Compendious Syriac Grammar/Translator's Prefatory Note

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It appears desirable that the leading modern grammars of the four best-known Semitic languages, in their classical forms, should be readily accessible to English-speaking students. And in this connection, probably few competent judges will dispute the claims of the following treatises to be regarded as authoritative and leading, viz:—Wright's Arabic Grammar (as revised by Robertson Smith and De Goeje); Kautzsch's Gesenius' Hebrew Grammar; Nöldeke's Syriac Grammar; and Dillmann's Ethiopic Grammar. Of these the first two already exist in English, Wright's work having been in that form from the outset, at least under his own name, and Kautzsch's Gesenius' having been presented in a similar form a few years ago, in Collins and Cowley's excellent translation. The grammars of Nöldeke and Dillmann, however, have not hitherto appeared in English, although their pre-eminent position in their respective departments of Semitic philology is perhaps even less open to challenge, than that of the other two. It is to supply this want in the educational apparatus available for English students, so far at least as Noldeke's Grammar is concerned, that the present translation has been attempted.

Of course it may be said, that students of Syriac will in all liklihood be sufficiently well acquainted with German, to be able to consult the original for themselves. I trust that such is the case; but those students and scholars amongst us, who are most familiar with German, will probably be the first to welcome a translation of such a work, if only it has been executed with reasonable fidelity and care. There are obvious advantages in an English version for an English eye, however accomplished a linguist its owner may be. At all events it is in that belief, and with no other desire than to do something for this branch of study, that I have ventured upon the present edition.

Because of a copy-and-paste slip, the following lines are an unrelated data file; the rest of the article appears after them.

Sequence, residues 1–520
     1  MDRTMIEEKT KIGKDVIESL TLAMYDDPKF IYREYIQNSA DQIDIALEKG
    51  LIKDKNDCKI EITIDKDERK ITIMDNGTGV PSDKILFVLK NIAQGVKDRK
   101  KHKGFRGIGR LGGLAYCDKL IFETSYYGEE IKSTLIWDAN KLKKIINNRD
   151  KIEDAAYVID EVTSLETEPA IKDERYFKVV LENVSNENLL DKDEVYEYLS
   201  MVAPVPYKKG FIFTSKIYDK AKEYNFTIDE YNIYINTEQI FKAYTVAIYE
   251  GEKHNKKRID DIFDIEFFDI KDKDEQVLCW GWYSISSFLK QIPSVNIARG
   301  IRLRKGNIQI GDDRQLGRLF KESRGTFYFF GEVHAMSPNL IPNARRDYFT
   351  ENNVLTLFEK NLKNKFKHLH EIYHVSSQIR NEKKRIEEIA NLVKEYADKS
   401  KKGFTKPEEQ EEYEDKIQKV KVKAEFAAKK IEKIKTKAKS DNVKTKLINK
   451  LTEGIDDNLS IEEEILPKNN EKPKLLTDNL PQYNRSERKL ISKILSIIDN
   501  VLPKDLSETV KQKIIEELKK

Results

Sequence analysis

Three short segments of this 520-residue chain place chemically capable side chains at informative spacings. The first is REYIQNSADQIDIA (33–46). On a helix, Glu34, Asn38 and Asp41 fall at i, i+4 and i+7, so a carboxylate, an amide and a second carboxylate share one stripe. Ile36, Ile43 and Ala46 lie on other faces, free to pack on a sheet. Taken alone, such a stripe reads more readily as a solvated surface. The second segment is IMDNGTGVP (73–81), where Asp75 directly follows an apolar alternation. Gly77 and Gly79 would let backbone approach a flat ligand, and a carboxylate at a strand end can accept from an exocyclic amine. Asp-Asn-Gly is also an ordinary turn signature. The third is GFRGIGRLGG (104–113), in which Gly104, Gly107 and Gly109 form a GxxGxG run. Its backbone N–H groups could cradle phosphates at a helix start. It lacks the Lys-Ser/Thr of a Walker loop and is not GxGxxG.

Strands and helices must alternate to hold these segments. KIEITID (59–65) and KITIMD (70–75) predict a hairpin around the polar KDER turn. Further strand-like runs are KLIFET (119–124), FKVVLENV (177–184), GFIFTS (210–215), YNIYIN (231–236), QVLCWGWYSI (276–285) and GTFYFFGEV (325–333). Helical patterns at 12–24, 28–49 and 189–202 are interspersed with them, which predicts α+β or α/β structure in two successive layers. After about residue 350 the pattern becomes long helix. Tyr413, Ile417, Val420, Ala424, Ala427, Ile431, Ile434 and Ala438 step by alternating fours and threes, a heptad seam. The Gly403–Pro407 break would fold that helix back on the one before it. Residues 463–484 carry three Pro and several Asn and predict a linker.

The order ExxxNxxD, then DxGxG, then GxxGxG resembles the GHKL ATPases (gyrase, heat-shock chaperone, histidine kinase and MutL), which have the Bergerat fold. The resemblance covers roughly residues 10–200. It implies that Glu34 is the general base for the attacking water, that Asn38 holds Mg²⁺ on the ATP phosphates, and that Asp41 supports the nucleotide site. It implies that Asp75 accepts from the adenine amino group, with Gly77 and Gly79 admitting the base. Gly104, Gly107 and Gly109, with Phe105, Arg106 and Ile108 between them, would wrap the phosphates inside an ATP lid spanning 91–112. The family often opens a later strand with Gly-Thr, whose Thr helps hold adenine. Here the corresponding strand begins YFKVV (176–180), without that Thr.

No attempt has been made to alter in any way either the substance or the arrangement of the Grammar. Citations, it is true, have been again verified, and slight errors here and there have been tacitly corrected. To facilitate reference, not only has the very full Table of Contents been set in its usual place, but its items have also been applied throughout the book, in the form of rubrics to the several sections. With a similar design an Index of Passages, wanting in the original, has been drawn up and placed at the end of the volume.

Among other friends who have been helpful towards the preparation of this version, I have specially to thank Professor Robertson of Glasgow University, for much kindly encouragement and wise counsel. Above all I must express my deep indebtedness to the distinguished author himself, Professor Nöldeke, for the unfailing courtesy and unwearied patience with which he lent his invaluable guidance and assistance, as the proof-sheets passed through his hands. Thanks are also due to Herr W. Drugulin and his staff, for again encountering, with a very considerable measure of success, the typographical difficulties, which a work of this nature must present.

James A. Crichton.